New selective licensing scheme launched in five Brent council wards on 1 June 2018

Wednesday, June 6th, 2018 - Brent Council

A second selective licensing scheme covering five council wards was introduced in the London Borough of Brent on 1 June 2018. Under the new scheme, all private rented properties in the council wards of Dudden Hill, Kensal Green, Kilburn, Mapesbury and Queen’s Park must now be licensed by the council.

The council already operated a borough wide additional licensing scheme together with selective licensing in the council wards of Harlesden, Wembley Central and Willesden. Both schemes came into force on 1 January 2015.

While Brent Council had wanted to extend selective licensing borough wide, that proposal was blocked by the Secretary of State who instead authorised this smaller scheme. The decision was made on the grounds of anti-social behaviour, poor housing conditions, migration and high levels of crime.

According to the council’s Cabinet report, the new licensing will cover around 4,300 private rented homes.

Landlords and letting agents who are unaware of the new licensing scheme or fail to apply risk facing tough enforcement action. If a licence application is not submitted, both the landlord and agent can face prosecution in the Magistrates Court, or a civil penalty of up to £30,000 per property. Under new rules introduced in 2017, the tenants can also apply for a Rent Repayment Order to recover up to 12 months rent.

Raid uncovers 16 people living in a two-bedroom flat in Kingsbury

To coincide with the launch of this latest licensing scheme, Brent Council released details about a dawn raid in Kingsbury that uncovered sixteen people crammed into a two bedroom flat above a shop.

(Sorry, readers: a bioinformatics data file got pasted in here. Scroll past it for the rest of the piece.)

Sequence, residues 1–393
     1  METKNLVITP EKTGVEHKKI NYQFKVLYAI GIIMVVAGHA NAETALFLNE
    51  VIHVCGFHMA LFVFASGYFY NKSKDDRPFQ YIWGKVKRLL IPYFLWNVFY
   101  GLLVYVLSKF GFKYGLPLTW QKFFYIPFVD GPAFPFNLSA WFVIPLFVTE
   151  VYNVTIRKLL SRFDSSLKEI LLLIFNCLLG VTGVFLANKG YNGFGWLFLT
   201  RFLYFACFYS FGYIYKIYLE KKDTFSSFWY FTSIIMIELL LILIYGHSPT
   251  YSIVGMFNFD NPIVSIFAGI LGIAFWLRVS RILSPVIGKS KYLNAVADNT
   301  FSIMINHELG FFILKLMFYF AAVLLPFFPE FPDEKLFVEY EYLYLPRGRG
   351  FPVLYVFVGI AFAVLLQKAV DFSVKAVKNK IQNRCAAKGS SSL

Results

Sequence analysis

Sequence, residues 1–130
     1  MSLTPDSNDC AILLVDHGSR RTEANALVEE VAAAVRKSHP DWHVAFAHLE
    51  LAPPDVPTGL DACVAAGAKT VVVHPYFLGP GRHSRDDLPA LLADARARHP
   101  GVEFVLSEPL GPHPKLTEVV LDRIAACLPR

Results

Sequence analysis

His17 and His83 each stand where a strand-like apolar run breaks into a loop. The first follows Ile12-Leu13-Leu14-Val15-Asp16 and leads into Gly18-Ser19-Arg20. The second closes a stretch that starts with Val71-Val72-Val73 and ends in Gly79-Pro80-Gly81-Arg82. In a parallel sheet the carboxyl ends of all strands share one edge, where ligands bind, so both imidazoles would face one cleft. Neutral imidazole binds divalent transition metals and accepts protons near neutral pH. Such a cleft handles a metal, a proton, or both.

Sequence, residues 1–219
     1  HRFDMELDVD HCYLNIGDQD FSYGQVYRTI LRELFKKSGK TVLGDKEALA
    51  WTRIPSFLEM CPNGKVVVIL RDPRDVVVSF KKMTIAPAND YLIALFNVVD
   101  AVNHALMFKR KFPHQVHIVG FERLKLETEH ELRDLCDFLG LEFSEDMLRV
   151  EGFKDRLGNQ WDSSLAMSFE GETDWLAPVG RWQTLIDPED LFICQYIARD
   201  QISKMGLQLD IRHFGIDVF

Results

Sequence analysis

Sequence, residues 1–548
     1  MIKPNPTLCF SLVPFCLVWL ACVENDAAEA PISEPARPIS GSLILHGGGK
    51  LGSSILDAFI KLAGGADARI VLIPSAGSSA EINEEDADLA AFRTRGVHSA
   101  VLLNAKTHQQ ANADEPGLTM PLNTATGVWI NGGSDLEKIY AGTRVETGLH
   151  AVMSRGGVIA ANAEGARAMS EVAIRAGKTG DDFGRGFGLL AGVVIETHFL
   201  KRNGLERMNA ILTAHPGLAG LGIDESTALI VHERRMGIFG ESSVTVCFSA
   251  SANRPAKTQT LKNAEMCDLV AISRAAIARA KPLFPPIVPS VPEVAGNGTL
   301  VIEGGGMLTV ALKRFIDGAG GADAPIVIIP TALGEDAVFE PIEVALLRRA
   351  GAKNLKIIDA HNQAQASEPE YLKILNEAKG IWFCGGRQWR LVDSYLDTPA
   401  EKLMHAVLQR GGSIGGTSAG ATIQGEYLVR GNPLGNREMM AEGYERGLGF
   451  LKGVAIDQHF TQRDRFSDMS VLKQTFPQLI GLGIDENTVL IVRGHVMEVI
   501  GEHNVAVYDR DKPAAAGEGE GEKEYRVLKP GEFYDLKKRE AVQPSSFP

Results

Brent Council housing raid 2018

Enforcement officers had entered the property in Kingsbury Road with police and found that the tenants far exceeded the number of people who would be permitted to live there under licensing rules.

Mattresses, bunkbeds and sofa beds had been packed together in the two bedrooms and living room space within the poorly ventilated flat. Fire escapes had been blocked while a smoke alarm was found hanging off the ceiling during the raid that took place on 24 May.

One occupant told enforcement officers that he was paying £50 a week for a bed space. If each of the 16 tenants paid the same amount, the landlord may have been pocketing around £3,200 a month from housing the occupants in substandard living conditions.

Cllr Eleanor Southwood, cabinet member for Housing and Welfare Reform at Brent Council said:

Housing tenants in unsafe conditions is against the law. Rogue landlords exploiting their tenants by forcing them to live in Dickensian conditions should be on notice – we will take the strongest possible enforcement action to protect our residents.

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